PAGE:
Hurricane Sally uprooted trees, flooded streets and cut power to hundreds of thousands of homes and businesses on Wednesday as it brought what the U.S. National Hurricane Center called “historic and catastrophic” flooding to the Alabama–Florida coast.
Sally, which made landfall early on Wednesday near Gulf Shores, Alabama, as a Category 2 storm on the five-step Saffir-Simpson scale of intensity, was downgraded in the afternoon to a tropical storm as maximum sustained winds dropped to 70 miles per hour (113 kph).
The storm is believed to have killed one person in Alabama.
“We had a body wash up, we believe it was hurricane-related, but we have no definitive proof of that right now,” said Trent Johnson, a police lieutenant in Orange Beach, Alabama.
Some parts of the Gulf Coast had been inundated with more than 18 inches (46 cm) of rain over the previous 24 hours, with more precipitation expected as the storm’s winds slow further, the National Hurricane Center (NHC) said.
The coastal community of Pensacola, Florida, experienced up to 5 feet (1.5 m) of flooding, and travel was cut by damaged roads and bridges. More than 500,000 homes and businesses across the area were without power as the storm knocked over stately oak trees and tore power lines from poles.
Several residents along the Alabama and Florida coasts said damage from the slow-moving storm caught them off guard.
Jordan Muse, 35, was working the 3-11 a.m. shift at the downtown Holiday Inn in Pensacola, Florida, when flooding peaked at about 8 a.m. The hotel was without power and water.
“Our manager didn’t think it was gonna be this bad. It was just so much rain and the winds were tremendous,” she said. The hotel had some supplies, but Muse said people quickly took everything that was available.
A section of the Pensacola Bay Bridge, known also as the “Three Mile Bridge,” was missing a “significant section,” Florida Governor Ron DeSantis told a news conference.
“The rain is what stands out with this one: It’s unreal,” said Cavin Hollyhand, 50, who left his home on a barrier island and took shelter in Mobile, Alabama, where he viewed the damage on Wednesday. Some isolated areas could see up to 35 inches (89 cm) of rain before Sally is done, the NHC said.
‘We got it for 12 hours’
- Mother of 4 fatally shot through door after ‘feud’ with neighbor in Fla.: police
- ‘State of emergency’ in U.S. threatening LGBTQ2+ people: Human Rights Campaign
- Scientist accused of developing Syria’s chemical weapons program traced to Edmonton
- Judge blocks parts of Florida ban on transgender minor care: ‘Gender identity is real’
On landfall at Gulf Shores, Sally‘s winds were clocked at 105 mph (169 kph). Along the coast, piers were ripped away by the storm surge and winds.
Alabama Governor Kay Ivey told residents not to go outside to check on damage unless necessary, and to stay away from live power lines and fallen trees.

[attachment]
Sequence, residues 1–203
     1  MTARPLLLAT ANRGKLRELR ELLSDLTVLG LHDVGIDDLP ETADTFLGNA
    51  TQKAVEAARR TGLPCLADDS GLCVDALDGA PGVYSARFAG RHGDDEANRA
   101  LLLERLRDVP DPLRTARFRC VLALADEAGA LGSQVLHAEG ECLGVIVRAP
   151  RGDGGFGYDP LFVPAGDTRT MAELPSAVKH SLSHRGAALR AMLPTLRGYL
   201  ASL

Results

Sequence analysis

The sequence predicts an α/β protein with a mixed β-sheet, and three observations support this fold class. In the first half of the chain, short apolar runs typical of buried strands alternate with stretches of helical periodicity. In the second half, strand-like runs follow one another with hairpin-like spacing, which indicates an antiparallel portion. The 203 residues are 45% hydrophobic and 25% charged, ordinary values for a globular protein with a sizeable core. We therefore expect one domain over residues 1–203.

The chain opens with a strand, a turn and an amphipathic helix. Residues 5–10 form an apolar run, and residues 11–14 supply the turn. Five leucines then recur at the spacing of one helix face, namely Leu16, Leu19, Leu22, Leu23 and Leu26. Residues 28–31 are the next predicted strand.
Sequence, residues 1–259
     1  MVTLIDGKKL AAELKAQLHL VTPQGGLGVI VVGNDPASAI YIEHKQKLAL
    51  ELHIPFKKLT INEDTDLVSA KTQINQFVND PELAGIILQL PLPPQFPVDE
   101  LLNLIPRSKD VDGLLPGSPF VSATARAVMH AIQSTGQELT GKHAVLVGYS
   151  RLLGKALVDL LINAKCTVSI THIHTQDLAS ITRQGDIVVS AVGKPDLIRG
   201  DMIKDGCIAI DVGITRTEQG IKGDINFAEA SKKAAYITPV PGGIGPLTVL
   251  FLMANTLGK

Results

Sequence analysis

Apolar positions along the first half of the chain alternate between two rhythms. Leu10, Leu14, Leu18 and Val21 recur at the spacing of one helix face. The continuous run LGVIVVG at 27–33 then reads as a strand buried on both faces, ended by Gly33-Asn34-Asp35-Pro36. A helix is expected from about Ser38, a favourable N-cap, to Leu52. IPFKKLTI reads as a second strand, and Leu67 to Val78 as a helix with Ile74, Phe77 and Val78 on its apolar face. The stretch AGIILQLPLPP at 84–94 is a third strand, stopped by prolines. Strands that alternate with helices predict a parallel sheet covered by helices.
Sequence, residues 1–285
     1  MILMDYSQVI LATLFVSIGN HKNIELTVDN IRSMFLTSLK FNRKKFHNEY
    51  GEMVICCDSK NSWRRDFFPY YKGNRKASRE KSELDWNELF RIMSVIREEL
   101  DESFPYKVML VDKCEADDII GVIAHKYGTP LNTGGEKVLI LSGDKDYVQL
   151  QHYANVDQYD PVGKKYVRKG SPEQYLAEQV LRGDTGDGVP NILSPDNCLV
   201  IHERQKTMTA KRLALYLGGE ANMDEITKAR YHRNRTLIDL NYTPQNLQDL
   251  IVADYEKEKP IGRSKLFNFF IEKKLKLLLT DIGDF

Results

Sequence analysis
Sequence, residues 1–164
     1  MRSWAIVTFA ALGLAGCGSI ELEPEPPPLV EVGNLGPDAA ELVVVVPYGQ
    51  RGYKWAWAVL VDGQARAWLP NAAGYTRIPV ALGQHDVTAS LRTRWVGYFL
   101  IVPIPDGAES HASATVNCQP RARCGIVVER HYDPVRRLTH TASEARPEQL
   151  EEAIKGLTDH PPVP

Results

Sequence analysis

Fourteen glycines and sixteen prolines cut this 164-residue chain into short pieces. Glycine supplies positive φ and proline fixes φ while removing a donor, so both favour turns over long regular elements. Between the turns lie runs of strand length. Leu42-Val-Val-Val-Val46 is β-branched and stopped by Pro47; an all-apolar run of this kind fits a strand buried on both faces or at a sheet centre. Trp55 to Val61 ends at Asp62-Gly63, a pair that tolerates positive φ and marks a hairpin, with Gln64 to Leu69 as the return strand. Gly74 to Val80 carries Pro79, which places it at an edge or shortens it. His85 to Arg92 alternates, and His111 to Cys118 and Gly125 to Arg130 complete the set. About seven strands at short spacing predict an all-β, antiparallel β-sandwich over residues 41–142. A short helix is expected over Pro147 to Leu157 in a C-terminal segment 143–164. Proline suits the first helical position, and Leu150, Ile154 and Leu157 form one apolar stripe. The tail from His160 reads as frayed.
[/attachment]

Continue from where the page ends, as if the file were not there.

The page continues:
“We had strong winds for a long period of time,” said 38-year-old Grant Saltz as he took a break from clearing debris outside his Mobile restaurant. “Instead of a few hours, we got it for 12 hours.”
In Pensacola, where wind gusts were clocked at 77 mph (124 kph) at one point, images on social media showed major floods. One witness reported hailstorms in the city as well and the NHC warned of possible tornados.
Pensacola police warned of high winds and urged residents not to drive around looking at damage.
Electrical crews from other states arrived in Pensacola as utilities began restoring power to about 570,000 homes and businesses in Alabama and Florida, according to local utilities.
“This year we’ve just got hurricane after hurricane,” said Matt Lane, 23, a member of a crew from New Hampshire Electric Coop, who arrived late on Tuesday directly from Hurricane Laura recovery efforts in Texas.
Sally was the 18th named storm in the Atlantic this year and the eighth of tropical storm or hurricane strength to hit the United States. There are currently three other named storms in the Atlantic, highlighting one of the most active Atlantic hurricane seasons on record.
“We’ve only got one name left,” said Jim Foerster, chief meteorologist at DTN, an energy, agriculture and weather data provider, referencing the procedure to name storms and the prospect of running out of letters. “That’s going to happen here soon, Wilfred, and then we’ll be into the Greek alphabet.”
Hurricanes have increased in intensity and destructiveness since the 1980s as the climate has warmed, according to researchers at the U.S. National Oceanic and Atmospheric Administration.
Damage from Sally is expected to reach $2 billion to $3 billion, said Chuck Watson of Enki Research, which tracks tropical storms and models the cost of their damage. That estimate could rise if the heaviest rainfall happens over land, Watson said.
As the storm moved east and inland, ports on the western Gulf Coast were reopened to travel and energy companies were beginning to return crews to offshore oil platforms.
Sally shut more than a quarter of U.S. Gulf of Mexico offshore oil and gas production. Two coastal oil refiners halted or slowed operations, adding to existing outages from last month’s Hurricane Laura and demand losses from the coronavirus pandemic.